The New Age movement is highly diffuse, lacking a central organization or structure. Rather, the New Age possesses multiple organizational centers, each of which caters to particular subcultures within the New Age movement. These structural centers include regional and national periodicals, the individual relationships between New Age practitioners and their spiritual teachers, and the organizations founded by particular leaders or schools of thought within the New Age movement.
Since reading serves a central role in New Age practice, journals and periodicals function as one of central structures holding the movement together. Magazines with national distribution such as Body & Soul and New Age Journal serve as connections between readers, spreading new ideas, practices, and information about new teachers throughout the diffuse movement. Within smaller geographic scopes, regional publications serve the same function. Most major cities feature such New Age newspapers. These periodicals sometimes operate as the only link between New Agers with widely different sets of beliefs and practices. New Age practitioners who engage in alternative healing, for example, may have few social interactions with those who focus on channeling or meditation. Yet by sharing subscriptions to these publications, or picking up free advertiser-supported regional newspapers, New Agers cement their identity as part of a distinct subculture. The events, books, and products advertised in these periodicals create the common structure that holds together the New Age movement.
Two contemporary sociologists of religion, William Sims Bainbridge and Rodney Stark, have described religious movements like the New Age as "client cults." (They do not use the word cult in any negative sense, only in the sense of "new religion.") A client cult differs from most other religious movements because it lacks a clear religious community. Instead, individual spiritual seekers-"clients"-work with a smaller set of spiritual teachers-"providers." While this form of organization results in very few direct connections between individual New Age practitioners, it does heighten the value of the relationship between clients and providers. That relationship functions as one of the defining characteristics of New Age community organization.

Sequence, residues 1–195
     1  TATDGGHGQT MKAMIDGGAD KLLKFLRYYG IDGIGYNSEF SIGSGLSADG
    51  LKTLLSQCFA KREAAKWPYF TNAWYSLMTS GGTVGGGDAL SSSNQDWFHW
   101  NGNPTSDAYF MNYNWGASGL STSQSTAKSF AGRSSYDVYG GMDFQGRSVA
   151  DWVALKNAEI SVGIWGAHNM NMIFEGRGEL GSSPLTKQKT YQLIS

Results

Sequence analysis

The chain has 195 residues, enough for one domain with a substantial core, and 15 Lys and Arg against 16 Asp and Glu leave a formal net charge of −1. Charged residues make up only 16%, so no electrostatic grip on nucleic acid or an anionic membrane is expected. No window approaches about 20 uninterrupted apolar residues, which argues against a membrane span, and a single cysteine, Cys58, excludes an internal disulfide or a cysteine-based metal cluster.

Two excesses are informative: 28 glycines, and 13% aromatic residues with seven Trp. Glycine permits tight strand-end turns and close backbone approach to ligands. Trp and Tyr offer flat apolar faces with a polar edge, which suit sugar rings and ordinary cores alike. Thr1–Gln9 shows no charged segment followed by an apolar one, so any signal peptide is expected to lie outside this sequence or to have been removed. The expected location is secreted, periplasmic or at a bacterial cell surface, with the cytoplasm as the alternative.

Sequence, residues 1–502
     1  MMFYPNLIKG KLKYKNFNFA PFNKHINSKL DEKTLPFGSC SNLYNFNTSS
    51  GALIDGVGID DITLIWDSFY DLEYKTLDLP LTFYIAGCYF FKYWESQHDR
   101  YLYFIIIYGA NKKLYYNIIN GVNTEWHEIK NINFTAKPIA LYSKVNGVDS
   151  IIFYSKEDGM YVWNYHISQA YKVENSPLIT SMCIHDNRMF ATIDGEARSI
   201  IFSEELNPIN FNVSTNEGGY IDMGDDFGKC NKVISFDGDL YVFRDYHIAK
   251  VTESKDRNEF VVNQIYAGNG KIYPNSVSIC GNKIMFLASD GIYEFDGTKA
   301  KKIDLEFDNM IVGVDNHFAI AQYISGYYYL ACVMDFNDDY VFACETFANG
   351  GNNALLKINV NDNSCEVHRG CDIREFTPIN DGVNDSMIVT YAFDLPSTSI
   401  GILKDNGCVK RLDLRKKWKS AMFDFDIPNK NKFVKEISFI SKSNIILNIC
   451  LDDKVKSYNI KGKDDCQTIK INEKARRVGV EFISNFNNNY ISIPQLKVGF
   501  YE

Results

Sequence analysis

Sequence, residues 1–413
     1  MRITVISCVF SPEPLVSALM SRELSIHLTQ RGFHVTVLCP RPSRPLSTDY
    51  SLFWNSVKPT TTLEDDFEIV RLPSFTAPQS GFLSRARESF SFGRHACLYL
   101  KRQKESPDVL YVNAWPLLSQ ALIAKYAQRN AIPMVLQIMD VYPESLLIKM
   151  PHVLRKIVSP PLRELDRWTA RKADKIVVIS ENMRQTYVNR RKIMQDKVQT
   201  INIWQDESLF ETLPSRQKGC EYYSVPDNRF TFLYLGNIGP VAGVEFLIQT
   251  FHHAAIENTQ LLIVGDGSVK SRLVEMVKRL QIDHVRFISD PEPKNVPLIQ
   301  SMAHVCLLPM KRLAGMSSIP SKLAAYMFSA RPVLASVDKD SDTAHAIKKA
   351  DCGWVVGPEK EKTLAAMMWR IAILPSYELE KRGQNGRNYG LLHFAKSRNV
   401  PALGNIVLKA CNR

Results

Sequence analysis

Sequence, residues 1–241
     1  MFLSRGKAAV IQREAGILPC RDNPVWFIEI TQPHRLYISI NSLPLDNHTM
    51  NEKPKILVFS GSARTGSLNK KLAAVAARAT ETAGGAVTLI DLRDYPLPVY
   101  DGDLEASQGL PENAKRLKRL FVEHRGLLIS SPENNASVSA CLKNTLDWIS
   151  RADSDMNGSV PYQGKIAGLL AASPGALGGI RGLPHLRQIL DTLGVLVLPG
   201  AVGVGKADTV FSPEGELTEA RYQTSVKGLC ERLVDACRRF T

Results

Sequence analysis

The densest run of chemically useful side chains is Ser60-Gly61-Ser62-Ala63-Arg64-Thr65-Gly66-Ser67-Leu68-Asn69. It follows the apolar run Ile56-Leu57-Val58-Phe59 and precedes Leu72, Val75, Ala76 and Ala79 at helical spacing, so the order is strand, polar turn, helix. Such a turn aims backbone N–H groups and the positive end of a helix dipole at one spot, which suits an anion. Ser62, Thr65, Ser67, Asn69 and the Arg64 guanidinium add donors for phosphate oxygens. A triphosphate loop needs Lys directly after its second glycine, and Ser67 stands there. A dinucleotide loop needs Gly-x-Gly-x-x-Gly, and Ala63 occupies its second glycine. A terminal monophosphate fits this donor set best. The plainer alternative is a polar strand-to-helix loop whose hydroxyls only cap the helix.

Most New Agers engage in multiple sets of practices within the New Age movement, including alternative healing, meditation, yoga, channeling, shamanic work, and the use of psychics or astrologers. For each of those, a New Age practitioner employs a different specialized provider who offers one-on-one instruction in a particular technique, or offers a service directly to the client. This results in multiple relationships between a single client and many providers. At the same time, a New Age provider offers services to numerous clients. The best of these providers achieve national name recognition and often become New Age authors as well, but most serve the New Age community within a particular geographic area. The series of relationships between clients and providers is the main interpersonal organizational structure of the New Age.
In a few rare circumstances, a New Age provider becomes so well known that he or she attracts large numbers of clients who seek guidance or teachings. Rather than meet one-on-one with these clients, the provider offers a service through broadcasts, recordings, publications, workshops, or lectures. In these cases, the recipients become audience members of the teacher, rather than clients. Bainbridge and Stark call this organizational structure an "audience cult." Only the most successful New Age teachers ever attain audiences, including such notable figures such as Deepak Chopra or Ram Das. Members of this provider's audience often subscribe to mailing lists, travel to attend workshops, and purchase books or recordings from their teacher. Like other New Age practitioners, the audience members likely engage in multiple spiritual pursuits, meaning that their involvement in their audience cult does not comprise their entire New Age identity.
In even rarer cases, New Age teachers may found actual new religious movements (NRMs), groups that identify themselves as unique religions apart from the New Age as a whole, and tend to understand membership in the group as something more than the occasional purchase of reading materials, attendance of events, or utilization of services. Mark and Elizabeth Clare Prophet's New Age NRM, the Church Universal and Triumphant, and J.Z. Knight's NRM based on her channeled material, Ramtha's School of Enlightenment, serve as two examples of this form of New Age organization. In both cases, actual religious communities exist, with individuals tied to each other through social bonds other than a common teacher or journal subscription. Though such New Age NRMs are quite rare, they serve as competing organizational centers within the New Age movement.
1. How is the New Age movement structured?
2. Describe literacy's role in the organization of the New Age movement.
3. What is meant by a “client cult”?
4. When do clients turn into audiences? Is this harmful to the individual's identity? Why or why not?
4. How do New Religious Movements form?